Animals might be the weirdest, craziest, most interesting television show in a long time. The new HBO show feels like someone took a funny clever animated short film from the Sundance Film Festival and adapted it into a television series. The result feels like nothing else on television.
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Posted on Monday, January 25th, 2016 by Angie Han
New York City may be home to 8 million people, but it’s also host to several times as many non-human creatures. And it’s those critters — from the mice under the sinks to the cats in the windows to the horses in the parks — that get to take center stage in Animals, the new animated series from HBO and the Duplass brothers. The results look weird and funny and kind of twisted, and might make you look a little differently at the next pigeon that flies by. Watch the Animals trailer after the jump.
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You definitely know actor David Dastmalchian from ominous turns in films such as Prisoners and The Dark Knight, but he gets to explore much different territory in Animals. The film won the Special Jury Prize for Courage in Storytelling at SXSW in 2014, which has got to be pretty good for Dastmalcian, as he scripted the film in addition to starring in it.
Directed by Collin Schiffli, Animals features Dastmalchian as a guy who, with his partner Bobbie (played by Kim Shaw) deals with homelessness and addiction while carving out a tiny life in Chicago. Oscilloscope Laboratories will release the film later this season, and you can see the Animals trailer and poster below. Read More »
The last time we checked in on Martin Freeman his name was being bandied about as a likely candidate for Bilbo Baggins in The Hobbit. Given that the fate of that film is still up in the air, I’m not much sirprised to see that Mr. Freeman is booking other work. He’s now set to co-star in Animals, from director Marcal Fores. The film will have the actor playing a schoolteacher in “a fantasy-laced coming-of-age tale that [producer] Sergi Casamitjana dubs as ‘Donnie Darko’ meets Gus Van Sant.'”
Not that this role will have any impact at all on the possibility of Martin Freeman being in The Hobbit; Animals will shoot for eight weeks beginning on Monday, and Mr. Freeman will only work for about a week of that schedule. A couple of interesting craftsmen are involved behind the scenes, too: Buried cinematographer Eduard Grau is shooting, and Pan’s Labyrinth editor Bernat Vilaplana will cut the film. [Variety]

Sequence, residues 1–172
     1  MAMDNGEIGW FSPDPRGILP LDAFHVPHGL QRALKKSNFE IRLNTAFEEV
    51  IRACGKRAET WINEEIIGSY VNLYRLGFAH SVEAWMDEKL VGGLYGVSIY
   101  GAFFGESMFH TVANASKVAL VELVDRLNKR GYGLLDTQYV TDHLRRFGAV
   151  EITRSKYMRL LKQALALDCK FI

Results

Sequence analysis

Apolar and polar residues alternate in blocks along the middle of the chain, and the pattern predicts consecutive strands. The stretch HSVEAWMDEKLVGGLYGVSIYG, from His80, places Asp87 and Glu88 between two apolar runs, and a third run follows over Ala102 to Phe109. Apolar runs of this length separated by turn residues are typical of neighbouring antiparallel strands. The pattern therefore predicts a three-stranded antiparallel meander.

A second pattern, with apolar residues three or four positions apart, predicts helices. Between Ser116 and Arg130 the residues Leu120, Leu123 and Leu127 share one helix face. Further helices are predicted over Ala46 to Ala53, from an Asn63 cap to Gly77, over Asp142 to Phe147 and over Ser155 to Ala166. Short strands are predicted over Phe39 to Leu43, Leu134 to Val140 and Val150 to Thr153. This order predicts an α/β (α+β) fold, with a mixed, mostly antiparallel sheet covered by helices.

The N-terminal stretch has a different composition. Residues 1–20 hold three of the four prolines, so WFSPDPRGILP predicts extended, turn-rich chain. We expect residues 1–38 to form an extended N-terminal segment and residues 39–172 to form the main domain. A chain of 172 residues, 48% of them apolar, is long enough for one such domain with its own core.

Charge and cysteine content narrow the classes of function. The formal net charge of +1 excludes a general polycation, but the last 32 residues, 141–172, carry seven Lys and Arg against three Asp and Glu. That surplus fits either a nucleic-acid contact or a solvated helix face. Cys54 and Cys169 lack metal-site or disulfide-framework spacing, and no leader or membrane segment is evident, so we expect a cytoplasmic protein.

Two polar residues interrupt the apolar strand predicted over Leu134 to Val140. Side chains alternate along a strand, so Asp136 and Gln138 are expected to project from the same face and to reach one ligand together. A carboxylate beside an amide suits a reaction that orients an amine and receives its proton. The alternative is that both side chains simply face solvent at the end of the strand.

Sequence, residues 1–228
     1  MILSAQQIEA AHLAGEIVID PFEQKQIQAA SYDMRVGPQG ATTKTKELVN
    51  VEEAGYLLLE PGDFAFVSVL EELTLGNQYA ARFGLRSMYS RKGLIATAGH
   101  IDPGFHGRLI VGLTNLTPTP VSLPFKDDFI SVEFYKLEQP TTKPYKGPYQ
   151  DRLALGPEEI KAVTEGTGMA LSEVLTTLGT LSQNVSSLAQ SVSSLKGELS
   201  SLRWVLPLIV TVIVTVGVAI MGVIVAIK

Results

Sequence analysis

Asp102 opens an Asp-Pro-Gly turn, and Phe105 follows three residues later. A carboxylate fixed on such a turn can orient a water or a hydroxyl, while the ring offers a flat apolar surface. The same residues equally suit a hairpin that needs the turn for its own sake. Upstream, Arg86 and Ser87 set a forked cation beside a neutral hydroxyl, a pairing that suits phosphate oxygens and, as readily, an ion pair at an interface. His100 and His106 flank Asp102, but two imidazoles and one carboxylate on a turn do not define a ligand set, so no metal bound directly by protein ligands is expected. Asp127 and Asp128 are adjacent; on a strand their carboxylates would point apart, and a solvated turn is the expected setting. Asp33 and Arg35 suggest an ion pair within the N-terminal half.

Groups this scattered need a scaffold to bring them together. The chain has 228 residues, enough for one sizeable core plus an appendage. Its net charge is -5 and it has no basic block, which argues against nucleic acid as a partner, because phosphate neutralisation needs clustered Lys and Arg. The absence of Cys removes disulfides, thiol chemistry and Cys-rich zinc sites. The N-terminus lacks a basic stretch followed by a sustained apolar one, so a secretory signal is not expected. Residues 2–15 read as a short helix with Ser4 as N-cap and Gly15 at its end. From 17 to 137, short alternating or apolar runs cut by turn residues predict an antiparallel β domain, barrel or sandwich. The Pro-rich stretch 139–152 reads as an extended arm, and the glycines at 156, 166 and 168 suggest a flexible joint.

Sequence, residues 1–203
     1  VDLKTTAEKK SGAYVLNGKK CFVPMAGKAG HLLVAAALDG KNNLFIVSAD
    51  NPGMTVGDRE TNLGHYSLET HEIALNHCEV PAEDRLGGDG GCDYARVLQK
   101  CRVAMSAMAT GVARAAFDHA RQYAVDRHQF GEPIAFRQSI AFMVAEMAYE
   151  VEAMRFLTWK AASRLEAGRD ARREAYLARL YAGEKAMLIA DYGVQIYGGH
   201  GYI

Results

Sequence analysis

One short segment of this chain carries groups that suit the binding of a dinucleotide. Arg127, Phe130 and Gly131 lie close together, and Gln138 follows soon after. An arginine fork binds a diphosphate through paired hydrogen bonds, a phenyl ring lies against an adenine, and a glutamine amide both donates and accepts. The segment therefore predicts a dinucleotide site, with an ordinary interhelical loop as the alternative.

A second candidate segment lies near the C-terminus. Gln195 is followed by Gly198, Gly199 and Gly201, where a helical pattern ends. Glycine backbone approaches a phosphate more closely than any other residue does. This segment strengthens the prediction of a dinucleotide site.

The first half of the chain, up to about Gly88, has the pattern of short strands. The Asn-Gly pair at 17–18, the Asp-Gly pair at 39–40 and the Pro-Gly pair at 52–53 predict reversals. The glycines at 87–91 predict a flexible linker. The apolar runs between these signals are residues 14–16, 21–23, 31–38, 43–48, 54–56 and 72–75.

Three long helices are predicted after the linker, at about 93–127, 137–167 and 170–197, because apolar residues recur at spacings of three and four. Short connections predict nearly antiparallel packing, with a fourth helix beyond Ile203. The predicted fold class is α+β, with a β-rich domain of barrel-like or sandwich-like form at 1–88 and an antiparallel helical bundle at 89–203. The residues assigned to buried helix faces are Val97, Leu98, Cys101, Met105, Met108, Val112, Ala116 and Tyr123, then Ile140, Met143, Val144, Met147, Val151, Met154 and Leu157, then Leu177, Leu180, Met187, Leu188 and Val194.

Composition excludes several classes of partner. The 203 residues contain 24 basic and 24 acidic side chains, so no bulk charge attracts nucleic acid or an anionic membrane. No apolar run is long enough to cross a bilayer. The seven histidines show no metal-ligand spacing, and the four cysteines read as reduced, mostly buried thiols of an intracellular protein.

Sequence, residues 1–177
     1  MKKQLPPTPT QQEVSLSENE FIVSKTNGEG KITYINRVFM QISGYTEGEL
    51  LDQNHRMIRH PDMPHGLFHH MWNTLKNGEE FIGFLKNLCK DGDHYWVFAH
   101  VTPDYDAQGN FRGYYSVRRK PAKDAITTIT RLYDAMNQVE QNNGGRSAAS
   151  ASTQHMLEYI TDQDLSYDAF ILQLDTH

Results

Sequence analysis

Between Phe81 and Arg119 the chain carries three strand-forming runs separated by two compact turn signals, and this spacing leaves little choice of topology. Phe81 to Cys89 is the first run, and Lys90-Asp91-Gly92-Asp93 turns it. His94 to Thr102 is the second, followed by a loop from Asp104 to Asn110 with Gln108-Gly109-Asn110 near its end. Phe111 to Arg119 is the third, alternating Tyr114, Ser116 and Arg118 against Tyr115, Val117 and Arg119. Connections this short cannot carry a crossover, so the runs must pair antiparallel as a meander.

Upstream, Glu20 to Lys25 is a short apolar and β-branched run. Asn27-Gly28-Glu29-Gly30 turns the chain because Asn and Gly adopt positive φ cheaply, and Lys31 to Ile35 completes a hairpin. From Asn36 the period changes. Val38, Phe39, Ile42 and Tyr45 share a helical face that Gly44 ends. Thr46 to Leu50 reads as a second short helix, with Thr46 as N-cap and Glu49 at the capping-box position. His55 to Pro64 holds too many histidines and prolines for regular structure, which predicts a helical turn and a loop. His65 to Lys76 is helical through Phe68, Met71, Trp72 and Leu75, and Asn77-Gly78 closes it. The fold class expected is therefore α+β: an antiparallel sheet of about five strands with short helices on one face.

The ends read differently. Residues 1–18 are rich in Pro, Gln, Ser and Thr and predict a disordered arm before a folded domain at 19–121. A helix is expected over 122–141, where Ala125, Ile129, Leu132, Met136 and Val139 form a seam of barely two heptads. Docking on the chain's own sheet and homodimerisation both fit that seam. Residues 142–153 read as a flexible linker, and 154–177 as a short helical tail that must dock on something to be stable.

After the break, Ed Burns tries to talk Sam Worthington down from a ledge, and a Mad Men fave books a new role. Read More »
Cool Posts From Around the Web:
Isn’t it funny/sad/make you angry when heated discussions you had when you were, like, nine, are made into beyond epic movies? Producer Neil Moritz (I Am Legend, Even Almighty) looks to make a movie called Animals from a script by former lawyer turned hotshot screenwriter Mike Sobel that was just purchased by Columbia. The movie pitch is this: what if all of the world’s animals, including pets like kittens and gerbils, turned on us?
The movie would continue the hot switcheroo trend of “Pissed Off Mother Nature vs. Humans” that is at the center of M. Night Shyamalan’s The Happening and goes as far back as, I dunno, Man’s Best Friend and Funny Farm or was it The Birds (which came first?)? But I’m not sure I’ve ever seen a movie where every animal ever, sans mascots, sea monkeys and Furries, flashes its fangs, claws and plastic balls in our Earth-ruining direction. Scary stuff, and no doubt, will make for one of the most awesome posters ever. No word on whether Animals will swat a violent paw at cryptozoology.
Discuss: In this very likely hypothetical, what animal would you prefer to do you in? I choose the sloth. Who should direct this madness? I choose Paul Thomas Anderson.
Source Link: HR Â